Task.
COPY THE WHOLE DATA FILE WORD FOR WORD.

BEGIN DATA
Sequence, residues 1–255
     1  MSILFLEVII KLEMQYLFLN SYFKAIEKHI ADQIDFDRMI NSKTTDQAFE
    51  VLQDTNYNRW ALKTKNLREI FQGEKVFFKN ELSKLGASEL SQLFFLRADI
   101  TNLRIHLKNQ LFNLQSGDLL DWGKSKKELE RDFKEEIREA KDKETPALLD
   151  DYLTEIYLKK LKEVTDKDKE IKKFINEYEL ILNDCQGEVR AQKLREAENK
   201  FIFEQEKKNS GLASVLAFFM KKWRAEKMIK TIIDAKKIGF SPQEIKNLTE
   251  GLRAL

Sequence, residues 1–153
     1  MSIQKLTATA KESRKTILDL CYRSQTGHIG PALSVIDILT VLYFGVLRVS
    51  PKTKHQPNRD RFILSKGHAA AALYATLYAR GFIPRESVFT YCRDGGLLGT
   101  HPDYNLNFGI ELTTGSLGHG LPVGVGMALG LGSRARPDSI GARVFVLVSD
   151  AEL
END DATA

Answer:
Sequence, residues 1–255
     1  MSILFLEVII KLEMQYLFLN SYFKAIEKHI ADQIDFDRMI NSKTTDQAFE
    51  VLQDTNYNRW ALKTKNLREI FQGEKVFFKN ELSKLGASEL SQLFFLRADI
   101  TNLRIHLKNQ LFNLQSGDLL DWGKSKKELE RDFKEEIREA KDKETPALLD
   151  DYLTEIYLKK LKEVTDKDKE IKKFINEYEL ILNDCQGEVR AQKLREAENK
   201  FIFEQEKKNS GLASVLAFFM KKWRAEKMIK TIIDAKKIGF SPQEIKNLTE
   251  GLRAL

Sequence, residues 1–153
     1  MSIQKLTATA KESRKTILDL CYRSQTGHIG PALSVIDILT VLYFGVLRVS
    51  PKTKHQPNRD RFILSKGHAA AALYATLYAR GFIPRESVFT YCRDGGLLGT
   101  HPDYNLNFGI ELTTGSLGHG LPVGVGMALG LGSRARPDSI GARVFVLVSD
   151  AEL